don't know Glen, and was never a huge fan.  I am now.  

“‘I'll Be Me’ is extraordinarily poignant, amusing, and highly entertaining.  I am amazed that
he spent months on the road in a (mostly) gentle fog, surrounded by a loving family and
friends, while presenting his last live shows that were simply ... incredible.  The part of his
brain that caused him to soar with his music and sing in a stirring voice, while unaware of his
whereabouts and speaking in cliches, was fascinating.   It is a warmly touching journey. You
will very much enjoy taking it with him.  ‘I'm Not Gonna Miss You’ (from the documentary) is
sad but terrific.  It won the Grammy for Best Country Song. Deservedly.  And, also is
nominated for an Academy Award.  A touching, funny, and tragic documentary ... all at once.
 It's rare when I watch any film more than one time.  I've already seen ‘I'll Be Me’ three ... and
downloaded 4 of the songs for the ‘favorites’ library on my iPhone.  This is a Platinum Special.
 Enjoy yourselves.”
Claude:  “I believe the Glen Campbell special is the same one aired on PBS.  Just great.  The
Hall Family had tears in our eyes.  Alzheimer’s runs in my mother’s family; she died with it. 
The last time I saw her was in a Houston care unit and she didn’t know me and I bawled like a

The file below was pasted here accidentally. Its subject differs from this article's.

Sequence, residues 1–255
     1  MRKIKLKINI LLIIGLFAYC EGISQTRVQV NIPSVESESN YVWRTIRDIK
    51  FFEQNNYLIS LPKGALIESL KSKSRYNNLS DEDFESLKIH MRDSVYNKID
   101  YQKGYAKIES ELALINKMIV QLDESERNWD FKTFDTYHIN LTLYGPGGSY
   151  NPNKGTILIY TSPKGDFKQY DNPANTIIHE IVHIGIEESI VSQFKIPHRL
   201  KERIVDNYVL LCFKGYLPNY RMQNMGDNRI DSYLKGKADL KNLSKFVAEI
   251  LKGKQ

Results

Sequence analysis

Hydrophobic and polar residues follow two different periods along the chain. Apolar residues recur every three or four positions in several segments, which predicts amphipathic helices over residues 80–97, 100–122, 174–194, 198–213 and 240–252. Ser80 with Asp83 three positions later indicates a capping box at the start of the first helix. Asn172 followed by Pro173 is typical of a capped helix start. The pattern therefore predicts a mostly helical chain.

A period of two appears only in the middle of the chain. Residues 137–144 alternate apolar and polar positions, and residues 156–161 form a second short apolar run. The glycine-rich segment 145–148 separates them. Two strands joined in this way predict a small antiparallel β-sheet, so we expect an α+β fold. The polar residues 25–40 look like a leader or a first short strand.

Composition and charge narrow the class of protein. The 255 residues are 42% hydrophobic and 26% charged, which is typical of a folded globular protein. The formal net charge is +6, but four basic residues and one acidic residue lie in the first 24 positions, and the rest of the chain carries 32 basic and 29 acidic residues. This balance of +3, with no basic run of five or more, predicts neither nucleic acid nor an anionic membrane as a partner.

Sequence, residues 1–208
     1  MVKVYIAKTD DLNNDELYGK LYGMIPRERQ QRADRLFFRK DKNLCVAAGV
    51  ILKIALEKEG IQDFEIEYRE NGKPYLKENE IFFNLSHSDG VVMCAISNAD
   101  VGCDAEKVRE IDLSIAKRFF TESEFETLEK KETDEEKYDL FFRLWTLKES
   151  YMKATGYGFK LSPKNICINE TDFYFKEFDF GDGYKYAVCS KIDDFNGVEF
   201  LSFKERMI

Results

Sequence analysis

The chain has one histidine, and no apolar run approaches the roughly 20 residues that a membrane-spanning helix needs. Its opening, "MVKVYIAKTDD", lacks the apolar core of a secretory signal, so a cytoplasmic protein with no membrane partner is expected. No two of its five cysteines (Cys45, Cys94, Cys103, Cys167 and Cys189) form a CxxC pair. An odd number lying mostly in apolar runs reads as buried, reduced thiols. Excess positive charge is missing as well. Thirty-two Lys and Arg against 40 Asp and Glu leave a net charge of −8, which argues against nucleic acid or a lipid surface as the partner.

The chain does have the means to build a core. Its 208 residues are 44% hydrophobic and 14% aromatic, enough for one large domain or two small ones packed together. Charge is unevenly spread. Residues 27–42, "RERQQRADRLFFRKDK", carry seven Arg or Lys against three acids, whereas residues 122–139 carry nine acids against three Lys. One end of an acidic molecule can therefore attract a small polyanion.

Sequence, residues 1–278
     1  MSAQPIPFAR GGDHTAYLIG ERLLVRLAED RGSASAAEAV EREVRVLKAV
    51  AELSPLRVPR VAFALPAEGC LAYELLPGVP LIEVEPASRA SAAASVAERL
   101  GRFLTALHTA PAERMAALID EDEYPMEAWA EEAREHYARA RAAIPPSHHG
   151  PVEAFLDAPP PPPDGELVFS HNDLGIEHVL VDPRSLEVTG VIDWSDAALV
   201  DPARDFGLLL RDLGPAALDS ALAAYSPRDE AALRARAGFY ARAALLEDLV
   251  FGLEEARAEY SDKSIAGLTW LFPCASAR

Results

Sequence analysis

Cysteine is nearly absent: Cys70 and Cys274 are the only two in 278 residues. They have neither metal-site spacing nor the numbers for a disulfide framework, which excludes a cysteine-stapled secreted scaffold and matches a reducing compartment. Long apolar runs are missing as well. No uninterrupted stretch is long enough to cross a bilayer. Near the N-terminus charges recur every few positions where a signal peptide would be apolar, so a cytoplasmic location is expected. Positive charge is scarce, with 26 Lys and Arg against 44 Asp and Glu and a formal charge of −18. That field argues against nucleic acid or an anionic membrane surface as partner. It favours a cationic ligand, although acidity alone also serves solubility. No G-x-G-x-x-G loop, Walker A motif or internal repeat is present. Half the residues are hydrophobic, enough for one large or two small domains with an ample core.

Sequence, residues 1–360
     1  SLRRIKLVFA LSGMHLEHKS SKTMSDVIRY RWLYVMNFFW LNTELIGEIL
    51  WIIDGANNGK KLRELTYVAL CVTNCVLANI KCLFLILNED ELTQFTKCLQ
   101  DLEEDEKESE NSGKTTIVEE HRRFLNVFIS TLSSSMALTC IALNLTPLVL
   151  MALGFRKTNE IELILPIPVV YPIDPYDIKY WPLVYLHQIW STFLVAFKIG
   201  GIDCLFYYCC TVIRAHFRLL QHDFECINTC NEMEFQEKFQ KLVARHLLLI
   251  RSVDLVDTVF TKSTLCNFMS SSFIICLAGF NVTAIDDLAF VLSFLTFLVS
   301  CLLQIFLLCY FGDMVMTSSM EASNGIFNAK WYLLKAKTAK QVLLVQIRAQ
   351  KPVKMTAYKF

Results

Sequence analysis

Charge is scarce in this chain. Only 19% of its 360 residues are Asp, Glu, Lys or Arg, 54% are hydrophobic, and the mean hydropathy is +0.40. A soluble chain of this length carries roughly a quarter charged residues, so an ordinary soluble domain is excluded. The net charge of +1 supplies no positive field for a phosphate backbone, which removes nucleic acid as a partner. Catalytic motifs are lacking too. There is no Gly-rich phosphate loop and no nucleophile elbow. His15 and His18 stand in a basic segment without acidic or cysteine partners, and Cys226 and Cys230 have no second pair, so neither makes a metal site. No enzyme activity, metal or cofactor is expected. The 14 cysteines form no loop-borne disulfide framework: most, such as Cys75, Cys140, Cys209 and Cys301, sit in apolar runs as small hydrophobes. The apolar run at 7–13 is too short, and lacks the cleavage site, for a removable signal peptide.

baby.  Now, of course, Bobby Vee is suffering from the disease.  One of his sons wrote me a
week or two ago that they’d placed him in a care unit.”
Hal Whitney:  “I just found out from Jeff Brown, Frank Holler's brother-in-law, that a
graveside service will be held at Rose Hill Cemetery in Rocky Hill, CT, this Friday, Nov. 13.”
Claude:  "Sorry that I’m late with the above note.”
Janet Kriz:  “That was a lovely post about Bobby Neil Foster.  I do care, too, and I have
received so many lovely emails from ‘The Old Gang’.  Every one was loving.  Thanks for the
tribute to Foster. x0x0x  Yours in Harmony.”
Claude:  “Timmy Manocheo sent word that Gene Norman, once a personality on KFWB and
founder of GNP Records, died Nov. 2 at his LA home in the Hollywood Hills.  He was 93.  But
Rollye James sent me a note that she’s going to write about Norman.  She can do so much
better than I can.”

Rollye:  About the only thing I know is that even on his worst days, Claude does a better job of
writing than I do, but I did want to share my thoughts on Gene Norman
         I had been talking about Gene the day before I got Timmy's note, cursing myself for not
asking about Berna-Dean.  Berna-Dean was a New Orleans soul singer.  Most of the stuff she
did was written and produced by Dave Bartholomew and was released on Imperial.  “He's
Mine” and “One Gal In Town” are absolute classics.  There's not much known about her, and
while Dave Bartholomew is still alive, at 97 it's doubtful I'll connect with him, let alone have
a conversation.
         Then I remembered there was one side out on her in 1964 on GNP Crescendo, and just as
I was wondering if Gene might be up to speaking, I got Tommy’s note.  Gene's passing is a
loss, made worse by how few people remember his many contributions, not only to the radio
and the record industries, but for an unbelievably wide range of live performances he put on
throughout Los Angeles over the years.  His official obit is online at GeneNorman.com
Several of the high points of his career are mentioned.  As for GNP Crescendo, a quick glance